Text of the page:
ARTA slams fatigue laws as shutdowns falter

By: Jason Whittaker


Opposition continues to mount against impending fatigue regulations, with claims they will fail to achieve their stated aims. Australian Road Train

Opposition continues to mount against impending fatigue regulations, with claims they will fail to achieve their stated aims.

Australian Road Train Association (ARTA) Executive Director John Morris has slammed the regulations, to be introduced on September 29, saying they will not address the root cause of fatigue-related incidents.

Morris says governments should be spending more resources on compliance and enforcement measures rather than pushing through new laws. He says the only problem with current fatigue regulations is they lack adequate measures to ensure the trucking industry complies with its responsibilities.

With targeted enforcement, Morris says those breaking current laws could be prosecuted under the Compliance and Enforcement Act (2005). He says the measures, used in NSW to prosecute grain harvesters guilty of overloading in 2005, are effective in addressing compliance issues.

"There is nothing wrong with the current system, the issue is in its inadequate compliance and enforcement," Morris says.

"No law will achieve its desired result unless there is rigorous enforcement."

Morris also says the new laws will result in more fatigued drivers as they push exploit outer limit provisions, such as the 16-hour under Advanced Fatigue Management (AFM), to reach their destination sooner.

"The regulations will encourage drivers to push harder with their available hours. Drivers will also push through fatigue to get to their destination to achieve their seven-hour break," Morris says.

The ARTA boss says the trucking industry must work together to halt the implementation of the regulations, which the NSW Roads and Traffic Authority (RTA) want brought in over a six-month period to allow operators and owner-drivers a transition phase to adapt to the new measures.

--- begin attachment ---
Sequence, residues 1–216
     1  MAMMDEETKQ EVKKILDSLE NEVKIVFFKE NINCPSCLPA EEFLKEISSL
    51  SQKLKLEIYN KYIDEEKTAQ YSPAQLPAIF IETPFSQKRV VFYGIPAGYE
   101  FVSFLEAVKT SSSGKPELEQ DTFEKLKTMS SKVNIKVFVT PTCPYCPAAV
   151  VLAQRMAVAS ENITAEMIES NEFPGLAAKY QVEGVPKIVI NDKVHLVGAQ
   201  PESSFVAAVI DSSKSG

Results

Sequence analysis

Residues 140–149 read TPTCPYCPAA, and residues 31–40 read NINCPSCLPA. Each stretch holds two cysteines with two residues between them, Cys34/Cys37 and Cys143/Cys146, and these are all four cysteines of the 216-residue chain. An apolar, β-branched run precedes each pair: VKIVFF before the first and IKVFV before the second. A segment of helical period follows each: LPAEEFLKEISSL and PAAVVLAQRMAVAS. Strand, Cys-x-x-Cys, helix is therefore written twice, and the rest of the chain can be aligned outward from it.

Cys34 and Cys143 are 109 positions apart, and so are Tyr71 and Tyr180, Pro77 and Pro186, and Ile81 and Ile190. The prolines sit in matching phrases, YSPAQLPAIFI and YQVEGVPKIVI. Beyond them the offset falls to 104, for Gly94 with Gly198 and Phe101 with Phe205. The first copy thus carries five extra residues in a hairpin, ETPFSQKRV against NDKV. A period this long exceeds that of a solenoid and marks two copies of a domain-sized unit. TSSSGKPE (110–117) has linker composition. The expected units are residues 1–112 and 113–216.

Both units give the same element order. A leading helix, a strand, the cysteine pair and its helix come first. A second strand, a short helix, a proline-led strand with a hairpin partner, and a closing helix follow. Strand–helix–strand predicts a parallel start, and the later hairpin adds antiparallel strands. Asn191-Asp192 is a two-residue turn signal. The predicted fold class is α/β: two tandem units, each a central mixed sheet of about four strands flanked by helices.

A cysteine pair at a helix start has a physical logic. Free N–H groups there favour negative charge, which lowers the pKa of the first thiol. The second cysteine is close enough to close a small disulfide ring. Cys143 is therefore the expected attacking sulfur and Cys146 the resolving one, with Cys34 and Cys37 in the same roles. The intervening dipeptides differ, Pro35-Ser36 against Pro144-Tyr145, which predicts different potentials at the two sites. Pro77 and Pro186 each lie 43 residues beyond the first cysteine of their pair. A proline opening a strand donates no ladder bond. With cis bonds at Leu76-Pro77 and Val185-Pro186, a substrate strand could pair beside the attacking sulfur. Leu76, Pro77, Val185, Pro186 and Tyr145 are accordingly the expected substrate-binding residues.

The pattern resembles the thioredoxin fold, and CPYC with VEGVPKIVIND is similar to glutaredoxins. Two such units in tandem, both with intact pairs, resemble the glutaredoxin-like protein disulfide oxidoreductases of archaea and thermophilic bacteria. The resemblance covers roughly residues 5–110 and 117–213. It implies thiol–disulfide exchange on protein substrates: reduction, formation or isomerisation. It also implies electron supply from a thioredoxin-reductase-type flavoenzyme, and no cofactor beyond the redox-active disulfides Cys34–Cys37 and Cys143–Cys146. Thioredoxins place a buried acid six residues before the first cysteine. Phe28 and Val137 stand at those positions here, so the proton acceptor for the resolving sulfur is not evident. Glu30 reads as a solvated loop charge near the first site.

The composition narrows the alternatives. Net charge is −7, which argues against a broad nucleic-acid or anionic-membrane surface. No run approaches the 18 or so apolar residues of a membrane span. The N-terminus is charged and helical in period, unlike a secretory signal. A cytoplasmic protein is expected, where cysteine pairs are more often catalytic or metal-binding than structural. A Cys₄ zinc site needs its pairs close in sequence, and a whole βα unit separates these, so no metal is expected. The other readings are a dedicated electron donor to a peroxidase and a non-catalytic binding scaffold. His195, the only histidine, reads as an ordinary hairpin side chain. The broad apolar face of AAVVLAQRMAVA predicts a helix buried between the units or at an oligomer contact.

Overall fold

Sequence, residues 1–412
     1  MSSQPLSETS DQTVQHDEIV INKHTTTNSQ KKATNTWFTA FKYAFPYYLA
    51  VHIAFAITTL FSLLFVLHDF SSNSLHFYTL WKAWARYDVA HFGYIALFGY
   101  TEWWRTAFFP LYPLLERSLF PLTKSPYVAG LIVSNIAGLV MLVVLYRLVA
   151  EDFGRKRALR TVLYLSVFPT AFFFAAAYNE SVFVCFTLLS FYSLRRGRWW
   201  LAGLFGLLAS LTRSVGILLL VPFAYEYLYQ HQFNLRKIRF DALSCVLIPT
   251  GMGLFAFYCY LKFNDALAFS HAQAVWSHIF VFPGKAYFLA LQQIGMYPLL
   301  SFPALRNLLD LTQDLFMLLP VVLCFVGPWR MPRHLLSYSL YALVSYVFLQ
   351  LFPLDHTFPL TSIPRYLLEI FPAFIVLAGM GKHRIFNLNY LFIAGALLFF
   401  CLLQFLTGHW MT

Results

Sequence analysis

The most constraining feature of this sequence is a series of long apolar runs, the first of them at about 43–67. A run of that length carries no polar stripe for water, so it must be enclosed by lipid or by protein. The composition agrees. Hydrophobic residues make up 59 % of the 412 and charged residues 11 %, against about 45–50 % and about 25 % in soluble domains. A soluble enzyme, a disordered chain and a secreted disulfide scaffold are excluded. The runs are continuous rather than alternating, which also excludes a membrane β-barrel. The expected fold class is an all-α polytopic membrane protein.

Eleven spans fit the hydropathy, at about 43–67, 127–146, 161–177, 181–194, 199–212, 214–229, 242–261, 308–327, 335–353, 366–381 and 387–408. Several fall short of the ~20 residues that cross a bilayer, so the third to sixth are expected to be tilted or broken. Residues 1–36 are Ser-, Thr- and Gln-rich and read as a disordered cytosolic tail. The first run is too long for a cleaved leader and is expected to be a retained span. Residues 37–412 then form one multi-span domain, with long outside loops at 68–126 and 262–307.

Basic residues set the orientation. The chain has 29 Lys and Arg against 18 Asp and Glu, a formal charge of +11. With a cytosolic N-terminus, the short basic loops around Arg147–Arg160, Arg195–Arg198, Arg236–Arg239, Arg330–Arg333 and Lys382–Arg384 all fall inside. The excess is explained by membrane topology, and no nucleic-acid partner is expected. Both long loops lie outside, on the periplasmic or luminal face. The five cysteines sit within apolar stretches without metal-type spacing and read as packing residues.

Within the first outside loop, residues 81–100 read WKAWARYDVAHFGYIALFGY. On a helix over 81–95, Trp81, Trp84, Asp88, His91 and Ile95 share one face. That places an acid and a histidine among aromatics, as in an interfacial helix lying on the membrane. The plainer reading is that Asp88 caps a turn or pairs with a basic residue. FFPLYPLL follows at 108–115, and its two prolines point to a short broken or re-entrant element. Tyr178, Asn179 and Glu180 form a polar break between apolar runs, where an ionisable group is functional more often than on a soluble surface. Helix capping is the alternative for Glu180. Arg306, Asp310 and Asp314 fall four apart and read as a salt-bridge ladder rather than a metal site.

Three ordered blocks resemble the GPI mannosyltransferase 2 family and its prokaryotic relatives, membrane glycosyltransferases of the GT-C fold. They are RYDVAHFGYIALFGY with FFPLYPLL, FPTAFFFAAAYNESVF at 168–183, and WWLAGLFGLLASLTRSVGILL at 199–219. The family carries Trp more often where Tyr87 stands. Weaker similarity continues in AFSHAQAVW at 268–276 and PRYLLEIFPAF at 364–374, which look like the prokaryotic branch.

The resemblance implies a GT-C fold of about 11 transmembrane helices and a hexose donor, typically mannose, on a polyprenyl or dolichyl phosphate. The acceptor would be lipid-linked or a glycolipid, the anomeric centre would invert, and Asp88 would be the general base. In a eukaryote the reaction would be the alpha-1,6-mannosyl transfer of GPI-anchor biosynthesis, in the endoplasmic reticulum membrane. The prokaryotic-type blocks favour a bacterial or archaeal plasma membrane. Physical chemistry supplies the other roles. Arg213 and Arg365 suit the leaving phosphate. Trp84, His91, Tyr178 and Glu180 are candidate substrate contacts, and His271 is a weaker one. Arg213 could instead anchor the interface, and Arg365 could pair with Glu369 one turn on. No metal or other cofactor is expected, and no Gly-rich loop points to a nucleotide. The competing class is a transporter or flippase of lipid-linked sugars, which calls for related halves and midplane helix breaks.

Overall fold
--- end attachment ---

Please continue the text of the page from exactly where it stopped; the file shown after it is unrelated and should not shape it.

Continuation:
Morris’ call for unity comes as proposed industry shutdowns protesting fatigue regulations are threatened due to infighting and personal rivalries.

Despite attempting to shore up support for shutdowns to oppose the new laws, logbook regulations and rising running costs, the instigators have spent more time criticising each other.

Mick Pattel, an owner-driver trying to organise a two-week shutdown from July 28, has referred to the Australian Long Distance Owners and Drivers Association (ALDODA), which is proposing its own industry-wide strike, as Al Qaeda.

He has accused it of attempting to derail his campaign and steal his spotlight. ALDODA, however, has labelled Pattel "a loose cannon" who is merely pushing for strikes in order to further his political ambitions as a member of the Southern Cross Party.

Pattel held a meeting in Dubbo in which more than 350 dissilusioned truck drivers were expected to turn up. But Morris, who attended the meeting, says about 70 attended.

ALDODA has also taken to criticising its own, with the chief executive, Jerry Brown-Sarre withdrawing support for the organisation’s self-appointed Queensland branch president, Lyn Bennetts.

Bennetts failed to gain attention following a strike from June 12 to June 25, leading her to launch a class action against the Queensland Government over logbook laws and rest areas.

The bitter squabbling has led Morris to plea for an end to disunity, saying the only way to achieve meaningful reforms is to work as one to pressure governments.

"In this era of unprecedented regulation and challenges, now is the time for the industry to drop its petty differences, for operators and drivers alike to join their respective association or union, and to work together to resolve the issues that are tearing apart our industry," he says.

Related stories:
- ALDODA infighting derails lawsuit
- Industry groups refuse to support shutdown

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